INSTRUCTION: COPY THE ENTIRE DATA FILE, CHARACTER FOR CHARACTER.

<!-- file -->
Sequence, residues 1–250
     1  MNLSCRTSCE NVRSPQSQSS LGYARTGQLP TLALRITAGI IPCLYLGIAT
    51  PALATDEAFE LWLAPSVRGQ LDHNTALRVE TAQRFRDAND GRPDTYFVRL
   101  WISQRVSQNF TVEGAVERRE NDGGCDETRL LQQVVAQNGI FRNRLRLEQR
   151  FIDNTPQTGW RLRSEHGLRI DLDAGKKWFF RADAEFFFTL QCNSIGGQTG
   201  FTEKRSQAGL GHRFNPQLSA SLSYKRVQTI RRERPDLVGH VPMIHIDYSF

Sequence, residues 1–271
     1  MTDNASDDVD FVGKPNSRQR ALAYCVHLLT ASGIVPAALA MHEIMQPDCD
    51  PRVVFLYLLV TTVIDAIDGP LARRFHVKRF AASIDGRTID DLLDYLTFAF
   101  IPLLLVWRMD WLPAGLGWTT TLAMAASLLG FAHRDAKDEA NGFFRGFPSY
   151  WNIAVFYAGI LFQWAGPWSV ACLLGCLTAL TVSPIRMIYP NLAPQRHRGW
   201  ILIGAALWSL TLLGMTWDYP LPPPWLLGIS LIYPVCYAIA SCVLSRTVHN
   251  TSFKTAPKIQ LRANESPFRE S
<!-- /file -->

Sequence, residues 1–250
     1  MNLSCRTSCE NVRSPQSQSS LGYARTGQLP TLALRITAGI IPCLYLGIAT
    51  PALATDEAFE LWLAPSVRGQ LDHNTALRVE TAQRFRDAND GRPDTYFVRL
   101  WISQRVSQNF TVEGAVERRE NDGGCDETRL LQQVVAQNGI FRNRLRLEQR
   151  FIDNTPQTGW RLRSEHGLRI DLDAGKKWFF RADAEFFFTL QCNSIGGQTG
   201  FTEKRSQAGL GHRFNPQLSA SLSYKRVQTI RRERPDLVGH VPMIHIDYSF

Sequence, residues 1–271
     1  MTDNASDDVD FVGKPNSRQR ALAYCVHLLT ASGIVPAALA MHEIMQPDCD
    51  PRVVFLYLLV TTVIDAIDGP LARRFHVKRF AASIDGRTID DLLDYLTFAF
   101  IPLLLVWRMD WLPAGLGWTT TLAMAASLLG FAHRDAKDEA NGFFRGFPSY
   151  WNIAVFYAGI LFQWAGPWSV ACLLGCLTAL TVSPIRMIYP NLAPQRHRGW
   201  ILIGAALWSL TLLGMTWDYP LPPPWLLGIS LIYPVCYAIA SCVLSRTVHN
   251  TSFKTAPKIQ LRANESPFRE S